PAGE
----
Pulsar timing arrays take us closer to figuring out supermassive black holes
Galaxies host supermassive black holes, which weigh millions to billions times more than the sun. When galaxies collide, pairs of supermassive black holes at their centers also lie on the collision course. It may take millions of years before two black holes slam into each other. When the distance between them is small enough, the black hole binary starts to produce ripples in space-time, which are called gravitational waves.
Gravitational waves were first observed in 2015, but they were detected from much smaller black holes, which weigh tens of times the sun. Gravitational waves from supermassive black holes are still a mystery to scientists. Their discovery would be invaluable to determining how galaxies and stars form and evolve, and finding the origin of dark matter.
A recent study led by Dr. Boris Goncharov and Professor Ryan Shannon—both researchers from the ARC Centre of Excellence for Gravitational Wave Discovery (OzGrav)—addressed this puzzle. Using the most recent data from the Australian experiment known as the Parkes Pulsar Timing Array, the scientists searched for these mystery gravitational waves from supermassive black holes.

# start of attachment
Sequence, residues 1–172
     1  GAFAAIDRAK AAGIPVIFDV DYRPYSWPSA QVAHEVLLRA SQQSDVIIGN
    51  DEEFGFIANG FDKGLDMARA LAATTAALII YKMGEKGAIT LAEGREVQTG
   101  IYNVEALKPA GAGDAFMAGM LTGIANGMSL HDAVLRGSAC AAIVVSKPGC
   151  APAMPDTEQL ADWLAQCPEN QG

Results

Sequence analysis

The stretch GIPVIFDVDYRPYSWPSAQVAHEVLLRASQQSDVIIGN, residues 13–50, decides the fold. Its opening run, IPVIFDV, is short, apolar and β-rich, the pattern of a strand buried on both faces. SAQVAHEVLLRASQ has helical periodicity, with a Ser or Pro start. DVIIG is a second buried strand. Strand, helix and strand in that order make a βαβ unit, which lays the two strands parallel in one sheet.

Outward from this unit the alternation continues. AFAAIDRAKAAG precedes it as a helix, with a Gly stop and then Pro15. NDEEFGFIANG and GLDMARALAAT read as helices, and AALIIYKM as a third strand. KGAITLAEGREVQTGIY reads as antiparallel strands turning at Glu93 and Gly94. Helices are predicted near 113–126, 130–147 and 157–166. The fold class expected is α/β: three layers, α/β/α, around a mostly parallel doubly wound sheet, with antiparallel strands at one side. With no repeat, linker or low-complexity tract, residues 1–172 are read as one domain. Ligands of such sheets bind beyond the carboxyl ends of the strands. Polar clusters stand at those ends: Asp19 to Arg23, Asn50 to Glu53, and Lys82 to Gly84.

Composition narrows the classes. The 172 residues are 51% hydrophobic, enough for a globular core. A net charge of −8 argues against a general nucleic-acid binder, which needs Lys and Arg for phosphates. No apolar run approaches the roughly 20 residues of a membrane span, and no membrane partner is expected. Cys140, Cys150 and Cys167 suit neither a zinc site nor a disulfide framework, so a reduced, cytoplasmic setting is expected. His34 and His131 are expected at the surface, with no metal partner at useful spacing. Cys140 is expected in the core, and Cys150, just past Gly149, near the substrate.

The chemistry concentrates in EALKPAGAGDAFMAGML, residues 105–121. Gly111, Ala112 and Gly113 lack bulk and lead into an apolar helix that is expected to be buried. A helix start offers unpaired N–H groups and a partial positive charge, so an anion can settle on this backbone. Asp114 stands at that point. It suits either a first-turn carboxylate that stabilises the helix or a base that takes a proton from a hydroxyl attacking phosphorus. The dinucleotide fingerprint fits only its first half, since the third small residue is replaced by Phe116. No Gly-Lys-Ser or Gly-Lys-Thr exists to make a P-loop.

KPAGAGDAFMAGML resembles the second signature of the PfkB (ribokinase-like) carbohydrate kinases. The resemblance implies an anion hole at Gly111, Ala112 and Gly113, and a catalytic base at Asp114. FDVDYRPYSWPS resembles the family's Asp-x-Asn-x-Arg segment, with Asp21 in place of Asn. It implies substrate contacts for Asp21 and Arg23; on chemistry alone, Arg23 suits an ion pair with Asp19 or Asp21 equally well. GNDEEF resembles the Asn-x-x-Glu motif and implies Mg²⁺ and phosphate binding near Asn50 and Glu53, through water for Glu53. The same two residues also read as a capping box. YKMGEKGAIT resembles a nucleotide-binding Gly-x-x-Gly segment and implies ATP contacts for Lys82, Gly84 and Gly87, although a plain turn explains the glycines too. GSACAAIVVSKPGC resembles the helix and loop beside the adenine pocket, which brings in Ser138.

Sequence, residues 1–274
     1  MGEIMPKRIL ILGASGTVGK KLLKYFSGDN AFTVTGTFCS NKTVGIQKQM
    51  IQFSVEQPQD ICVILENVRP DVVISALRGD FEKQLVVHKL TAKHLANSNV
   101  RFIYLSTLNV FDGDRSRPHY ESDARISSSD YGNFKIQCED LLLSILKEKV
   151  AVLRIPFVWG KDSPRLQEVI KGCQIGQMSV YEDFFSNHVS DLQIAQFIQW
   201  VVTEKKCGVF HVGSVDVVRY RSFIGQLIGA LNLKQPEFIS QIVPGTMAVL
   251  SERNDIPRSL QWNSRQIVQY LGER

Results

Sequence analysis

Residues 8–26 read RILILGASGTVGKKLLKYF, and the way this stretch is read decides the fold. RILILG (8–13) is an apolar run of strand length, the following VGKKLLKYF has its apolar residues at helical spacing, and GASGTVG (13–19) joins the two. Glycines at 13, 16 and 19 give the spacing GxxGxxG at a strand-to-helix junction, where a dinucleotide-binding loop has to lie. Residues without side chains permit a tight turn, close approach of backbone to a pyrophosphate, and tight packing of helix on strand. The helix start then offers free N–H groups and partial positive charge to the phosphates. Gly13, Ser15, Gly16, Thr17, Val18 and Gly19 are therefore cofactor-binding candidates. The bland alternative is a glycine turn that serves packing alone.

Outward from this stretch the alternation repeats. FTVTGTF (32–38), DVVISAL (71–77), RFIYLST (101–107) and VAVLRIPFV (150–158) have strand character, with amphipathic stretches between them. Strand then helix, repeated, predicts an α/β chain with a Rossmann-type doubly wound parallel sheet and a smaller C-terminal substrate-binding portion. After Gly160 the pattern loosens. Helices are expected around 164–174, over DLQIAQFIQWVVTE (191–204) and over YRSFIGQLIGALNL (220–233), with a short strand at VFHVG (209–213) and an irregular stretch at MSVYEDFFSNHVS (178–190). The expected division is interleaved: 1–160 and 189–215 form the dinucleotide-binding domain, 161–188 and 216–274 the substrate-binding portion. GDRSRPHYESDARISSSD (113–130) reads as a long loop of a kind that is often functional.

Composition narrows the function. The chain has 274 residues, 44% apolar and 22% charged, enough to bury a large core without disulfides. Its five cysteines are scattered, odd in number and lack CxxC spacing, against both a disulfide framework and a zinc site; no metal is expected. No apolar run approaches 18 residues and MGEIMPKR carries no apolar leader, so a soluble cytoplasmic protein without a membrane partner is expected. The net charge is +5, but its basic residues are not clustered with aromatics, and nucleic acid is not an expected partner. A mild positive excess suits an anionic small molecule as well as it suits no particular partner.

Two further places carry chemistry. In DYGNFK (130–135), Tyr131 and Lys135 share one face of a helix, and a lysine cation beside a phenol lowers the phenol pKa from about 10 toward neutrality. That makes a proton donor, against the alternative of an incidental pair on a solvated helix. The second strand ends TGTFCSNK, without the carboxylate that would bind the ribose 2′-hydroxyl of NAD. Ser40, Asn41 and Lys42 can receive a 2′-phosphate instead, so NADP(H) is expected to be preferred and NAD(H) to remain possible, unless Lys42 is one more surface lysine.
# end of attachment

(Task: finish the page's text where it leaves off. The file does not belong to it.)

The experiment observed radio pulsars: extremely dense collapsed cores of massive supergiant stars (called neutron stars) that pulse out radio waves, like a lighthouse beam. The timing of these pulses is extremely precise, whereas the background of gravitational waves advances and delays pulse arrival times in a predicted pattern across the sky, by around the same amount in all pulsars. The researchers now report that arrival times of these radio waves do show deviations with similar properties, as we expect from gravitational waves. However, more data is needed to conclude whether radio wave arrival times are correlated in all pulsars across the sky, which is considered the "smoking gun." Similar results have also been obtained by collaborations based in North America and Europe. These collaborations, along with groups based in India, China, and South Africa, are actively combining datasets under the International Pulsar Timing Array, to improve the sky coverage.
This discovery is considered a precursor to the detection of gravitational waves from supermassive blackholes. However, Dr. Goncharov and colleagues point out that the observed variations in the radio wave arrival times might also be due to pulsar-intrinsic noise. Dr. Goncharov said: "To find out if the observed "common" drift has a gravitational wave origin, or if the gravitational-wave signal is deeper in the noise, we must continue working with new data from a growing number of pulsar timing arrays across the world."